The poppy which Joseph Shaddick sent home
In these centennial days, evocations of the First World War in newspaper articles or TV and radio programmes can seem to follow familiar and well-worn paths. But in this week’s Culture Show special on BBC 2, Simon Armitage came up with a commemoration that felt entirely original: his own poetic commentary on the war, using as his inspiration the stories of people whose lives were either ended or profoundly changed by it. In The Great War: An Elegy, Armitage told seven unusual stories, closing each one with a new poem inspired by it.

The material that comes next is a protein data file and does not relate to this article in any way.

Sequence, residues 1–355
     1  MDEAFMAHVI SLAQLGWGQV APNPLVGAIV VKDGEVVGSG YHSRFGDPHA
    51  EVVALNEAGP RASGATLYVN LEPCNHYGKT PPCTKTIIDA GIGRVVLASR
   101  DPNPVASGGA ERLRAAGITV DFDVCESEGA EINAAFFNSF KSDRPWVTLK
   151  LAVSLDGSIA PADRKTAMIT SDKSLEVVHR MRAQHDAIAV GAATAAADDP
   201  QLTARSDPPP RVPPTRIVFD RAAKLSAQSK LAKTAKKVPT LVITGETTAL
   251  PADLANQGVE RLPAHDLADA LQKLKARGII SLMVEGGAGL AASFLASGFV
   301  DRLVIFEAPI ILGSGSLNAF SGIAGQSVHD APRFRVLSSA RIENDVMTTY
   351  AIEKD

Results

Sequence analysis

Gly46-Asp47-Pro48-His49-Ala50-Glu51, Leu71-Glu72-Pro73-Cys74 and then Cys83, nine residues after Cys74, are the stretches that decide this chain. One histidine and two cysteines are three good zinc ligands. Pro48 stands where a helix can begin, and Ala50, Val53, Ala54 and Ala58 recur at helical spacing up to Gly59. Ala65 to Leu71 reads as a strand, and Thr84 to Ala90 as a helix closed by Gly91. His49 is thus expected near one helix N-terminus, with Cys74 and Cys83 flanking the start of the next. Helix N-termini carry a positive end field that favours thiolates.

Introducing the film, Armitage said:
A century ago this year, the First World War began. The Great War – but great only in its scale of catastrophe. Well over 700,000 British soldiers died in the bloodbath that followed. I don’t have a head for numbers – that statistic is incomprehensible. It’s about human beings – people who…
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